MapPoint 2002 and High-end GIS Functionality Living in Harmony
BJ Holtgrewe, a Senior Product Manager/Technical Evangelist
for MapPoint talks about the Spatial Data Importer
The world of business mapping functionality provided in MapPoint 2002 is comparatively rich when matched up to the high-end features provided by traditional Geographic Information Systems (GIS). By design MapPoint is targeted to end-users looking for an everyday business mapping solution and by design it does not require a degree in cartography.
The typical knowledge worker knows what they want to do with maps but see them as a supplement to their normal day-to-day activity and mission and not the end result. The benefits of having rich address find, route planning, included demographic data, detailed integrated maps and the ability to pull it all together with an easy to understand Office family application to incorporate their own data already stored in Microsoft Excel, Access, Outlook, SQL Server or text delimited files just plain lowers the level of complexity and allows them to do real work with maps without the hassles.
At the other end of the spectrum is the audience of cartographers that live and breathe mapping problems each and every day with high-end GIS applications such as those provided by companies like ESRI and MapInfo. A cartographer has an advanced understanding of spatial datasets and how to get the most out them. They can provide valuable insight into problems that can be very tricky to solve that many times requires the creation, modification and maintenance of base maps.
This traditional world of GIS requires a level of spatial awareness and technical know-how that would be considered overkill and hard to justify in money and time for many businesses and business needs. This is not to say they are not important. If it was not for the skills and dedication of Microsoft cartographers the base maps used in MapPoint would not exist. Without High-end GIS applications valuable but complex levels of spatial analysis used by government agencies and large enterprises would be impossible.
Both ends of this continuum provide unique features and serve important purposes. The basic problem up to now is there is a gap between these two approaches that inhibits an end-user from taking advantage of the strengths of both approaches. The reality is that in a definable number of real-world scenarios users could benefit tremendously if these two worlds of mapping had the ability to easily work together. Let's explore an approach using the new MapPoint 2002 extended object model that provides a means to build a bridge between these to related but divided approaches.
Bridge Building Material
The most obvious common element shared between High-end GIS systems and MapPoint 2002 is their use of spatial datasets but the approach taken to each is unique. ESRI users can create and share SHAPE files. MapInfo users can create and share TAB and MIF format files. There is even third-party software products designed to easily transfer datasets from one format to the other.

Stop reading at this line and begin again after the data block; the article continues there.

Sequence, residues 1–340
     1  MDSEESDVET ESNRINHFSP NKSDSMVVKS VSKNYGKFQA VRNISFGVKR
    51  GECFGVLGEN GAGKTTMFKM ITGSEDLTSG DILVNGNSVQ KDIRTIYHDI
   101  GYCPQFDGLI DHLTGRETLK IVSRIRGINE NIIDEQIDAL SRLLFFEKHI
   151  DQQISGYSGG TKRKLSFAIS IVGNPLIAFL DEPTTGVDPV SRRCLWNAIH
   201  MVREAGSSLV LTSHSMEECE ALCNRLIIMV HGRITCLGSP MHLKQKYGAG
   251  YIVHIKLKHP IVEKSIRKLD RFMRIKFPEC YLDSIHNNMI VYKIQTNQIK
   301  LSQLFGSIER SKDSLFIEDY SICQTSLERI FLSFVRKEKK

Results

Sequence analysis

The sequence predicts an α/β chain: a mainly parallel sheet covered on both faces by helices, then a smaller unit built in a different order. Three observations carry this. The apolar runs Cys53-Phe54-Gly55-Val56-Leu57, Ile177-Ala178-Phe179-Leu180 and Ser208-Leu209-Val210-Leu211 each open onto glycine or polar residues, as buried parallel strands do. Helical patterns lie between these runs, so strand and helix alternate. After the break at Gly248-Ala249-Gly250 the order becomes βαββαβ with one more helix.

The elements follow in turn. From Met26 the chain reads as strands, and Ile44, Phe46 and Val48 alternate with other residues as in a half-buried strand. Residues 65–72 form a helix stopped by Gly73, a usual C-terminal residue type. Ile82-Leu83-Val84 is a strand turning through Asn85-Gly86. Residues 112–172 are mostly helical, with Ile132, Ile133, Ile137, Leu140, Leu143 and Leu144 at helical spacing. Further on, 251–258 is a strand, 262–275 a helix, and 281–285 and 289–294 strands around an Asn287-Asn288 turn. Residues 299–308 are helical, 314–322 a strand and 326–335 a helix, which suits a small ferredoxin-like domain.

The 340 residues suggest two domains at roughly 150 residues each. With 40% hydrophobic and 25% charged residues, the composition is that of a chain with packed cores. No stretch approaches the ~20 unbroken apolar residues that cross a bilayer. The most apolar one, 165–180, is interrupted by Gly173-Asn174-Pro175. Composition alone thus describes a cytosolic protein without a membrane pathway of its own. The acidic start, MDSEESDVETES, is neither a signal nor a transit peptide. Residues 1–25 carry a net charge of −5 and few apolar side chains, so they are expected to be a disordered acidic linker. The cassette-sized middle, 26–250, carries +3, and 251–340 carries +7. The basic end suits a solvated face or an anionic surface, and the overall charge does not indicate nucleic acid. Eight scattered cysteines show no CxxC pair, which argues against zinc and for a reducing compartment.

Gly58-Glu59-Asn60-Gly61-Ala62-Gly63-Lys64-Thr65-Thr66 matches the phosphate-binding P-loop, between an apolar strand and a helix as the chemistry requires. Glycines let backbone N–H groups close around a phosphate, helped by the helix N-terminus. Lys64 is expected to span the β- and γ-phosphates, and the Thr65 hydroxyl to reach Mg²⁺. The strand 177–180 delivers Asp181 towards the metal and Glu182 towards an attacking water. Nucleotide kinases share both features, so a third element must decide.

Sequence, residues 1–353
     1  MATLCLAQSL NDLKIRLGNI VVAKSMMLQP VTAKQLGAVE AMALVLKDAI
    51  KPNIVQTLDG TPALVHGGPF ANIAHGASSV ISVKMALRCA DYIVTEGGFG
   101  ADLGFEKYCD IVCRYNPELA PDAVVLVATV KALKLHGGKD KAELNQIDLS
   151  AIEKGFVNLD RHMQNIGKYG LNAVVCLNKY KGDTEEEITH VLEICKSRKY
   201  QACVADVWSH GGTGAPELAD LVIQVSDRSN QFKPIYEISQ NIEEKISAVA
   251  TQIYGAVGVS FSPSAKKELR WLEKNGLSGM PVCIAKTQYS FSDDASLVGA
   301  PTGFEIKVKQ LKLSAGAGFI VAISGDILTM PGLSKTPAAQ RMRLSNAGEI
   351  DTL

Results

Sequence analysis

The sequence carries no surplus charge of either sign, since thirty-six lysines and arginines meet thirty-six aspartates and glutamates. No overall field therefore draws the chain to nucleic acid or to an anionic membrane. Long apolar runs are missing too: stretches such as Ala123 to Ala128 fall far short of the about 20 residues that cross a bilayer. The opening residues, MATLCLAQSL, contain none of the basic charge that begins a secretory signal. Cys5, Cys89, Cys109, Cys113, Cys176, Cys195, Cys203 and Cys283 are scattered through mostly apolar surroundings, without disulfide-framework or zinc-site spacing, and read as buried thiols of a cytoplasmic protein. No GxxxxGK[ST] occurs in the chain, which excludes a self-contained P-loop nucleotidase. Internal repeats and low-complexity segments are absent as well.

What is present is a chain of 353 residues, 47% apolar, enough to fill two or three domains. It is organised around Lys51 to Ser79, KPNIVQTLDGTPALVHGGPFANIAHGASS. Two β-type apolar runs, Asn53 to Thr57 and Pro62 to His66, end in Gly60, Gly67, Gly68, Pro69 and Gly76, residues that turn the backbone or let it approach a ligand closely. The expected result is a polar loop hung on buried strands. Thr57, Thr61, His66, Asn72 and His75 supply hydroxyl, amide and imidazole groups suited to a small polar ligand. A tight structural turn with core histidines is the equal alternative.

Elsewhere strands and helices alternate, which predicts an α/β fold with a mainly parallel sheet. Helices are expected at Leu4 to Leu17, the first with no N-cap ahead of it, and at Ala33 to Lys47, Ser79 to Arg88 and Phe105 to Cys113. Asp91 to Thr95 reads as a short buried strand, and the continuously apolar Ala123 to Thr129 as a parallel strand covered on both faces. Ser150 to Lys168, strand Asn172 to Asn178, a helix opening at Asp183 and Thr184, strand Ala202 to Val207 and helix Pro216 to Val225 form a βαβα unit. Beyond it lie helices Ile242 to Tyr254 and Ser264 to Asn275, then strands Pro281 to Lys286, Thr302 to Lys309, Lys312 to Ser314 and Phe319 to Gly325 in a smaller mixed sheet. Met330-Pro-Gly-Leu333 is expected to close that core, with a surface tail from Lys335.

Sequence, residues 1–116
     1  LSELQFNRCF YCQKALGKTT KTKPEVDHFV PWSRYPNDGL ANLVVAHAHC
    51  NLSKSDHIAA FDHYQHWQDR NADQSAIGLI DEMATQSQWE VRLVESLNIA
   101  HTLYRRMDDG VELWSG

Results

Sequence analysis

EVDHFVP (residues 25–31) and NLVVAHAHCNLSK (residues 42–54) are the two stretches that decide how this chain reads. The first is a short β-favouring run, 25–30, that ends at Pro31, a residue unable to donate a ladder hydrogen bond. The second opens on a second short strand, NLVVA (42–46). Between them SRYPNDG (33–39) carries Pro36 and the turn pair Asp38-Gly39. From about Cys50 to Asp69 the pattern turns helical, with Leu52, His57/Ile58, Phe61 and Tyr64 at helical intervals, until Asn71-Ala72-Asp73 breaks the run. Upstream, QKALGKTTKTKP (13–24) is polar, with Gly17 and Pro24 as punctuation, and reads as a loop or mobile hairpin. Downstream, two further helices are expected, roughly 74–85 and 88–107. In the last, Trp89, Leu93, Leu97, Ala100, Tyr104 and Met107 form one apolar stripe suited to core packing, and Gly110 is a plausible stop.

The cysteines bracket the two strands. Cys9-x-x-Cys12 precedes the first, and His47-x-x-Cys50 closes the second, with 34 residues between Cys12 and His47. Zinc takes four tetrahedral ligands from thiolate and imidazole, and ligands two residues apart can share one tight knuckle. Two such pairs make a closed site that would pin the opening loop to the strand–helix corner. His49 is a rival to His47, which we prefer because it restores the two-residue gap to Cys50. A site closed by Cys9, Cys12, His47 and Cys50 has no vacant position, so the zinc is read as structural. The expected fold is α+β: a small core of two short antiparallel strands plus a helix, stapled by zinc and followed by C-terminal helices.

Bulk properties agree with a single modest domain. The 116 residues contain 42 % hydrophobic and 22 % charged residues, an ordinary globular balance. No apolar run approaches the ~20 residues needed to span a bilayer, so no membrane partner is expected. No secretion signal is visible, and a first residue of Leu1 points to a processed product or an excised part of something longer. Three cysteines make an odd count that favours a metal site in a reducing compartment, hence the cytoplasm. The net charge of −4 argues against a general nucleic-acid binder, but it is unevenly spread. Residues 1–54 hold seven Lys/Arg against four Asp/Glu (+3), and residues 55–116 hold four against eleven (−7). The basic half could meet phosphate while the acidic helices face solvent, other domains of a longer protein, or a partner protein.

These GIS file formats are used to store both the base maps and the corresponding end-user data layers. The quality and coverage of the base maps depend on the source and the amount of modifications and corrections that the end-user might make. This can be a very good thing or can be a very overwhelming activity. If you are a cartographer doing high-end analysis or need the ability to change the base map you would view this as essential.
In contrast MapPoint uses very extensive integrated base maps that cannot be modified. These maps include political and administrative boundaries (e.g., census tracts, postal codes, counties, metropolitan areas, states, countries, etc.) and an extensive transportation network.
The North American 2002 edition includes over 6.4 million routable streets and roads. The European 2002 editions include over 4.8 million routable streets and roads. The road networks contain attribution for turn restrictions, one-wayness and five different speed classifications. The maps also include an extensive collection of populated places and points of interest (POI). The sources for these base maps include spatial data vendors Navigation Technologies, Geographic Data Technologies Inc., CompuSearch, Inc. and data collected and developed by Microsoft over the last ten years.
Extensive research shows an overwhelming majority of end-users want to use maps, not acquire, create and maintain them. Given the broad extend of coverage provided by the North American and European MapPoint editions there simply are no better maps available today so the problems related to "rolling" your own maps goes away.
By design one cannot replace the MapPoint maps with their own maps using the approach discussed in the article or with any other method, but doing so would negate one of the key benefits that MapPoint provides. You should also be aware that MapPoint 2002 is not designed to be a SHAPE, TAB or MIF viewer.
But what if you could take your GIS files and import them into MapPoint files? Would that provide a level of integration that provided real value?
Let's explore just how we can do this using Visual Basic to build a MapPoint 2002 COM Add-in and the extended MapPoint 2002 object model.
Importing GIS Datasets into MapPoint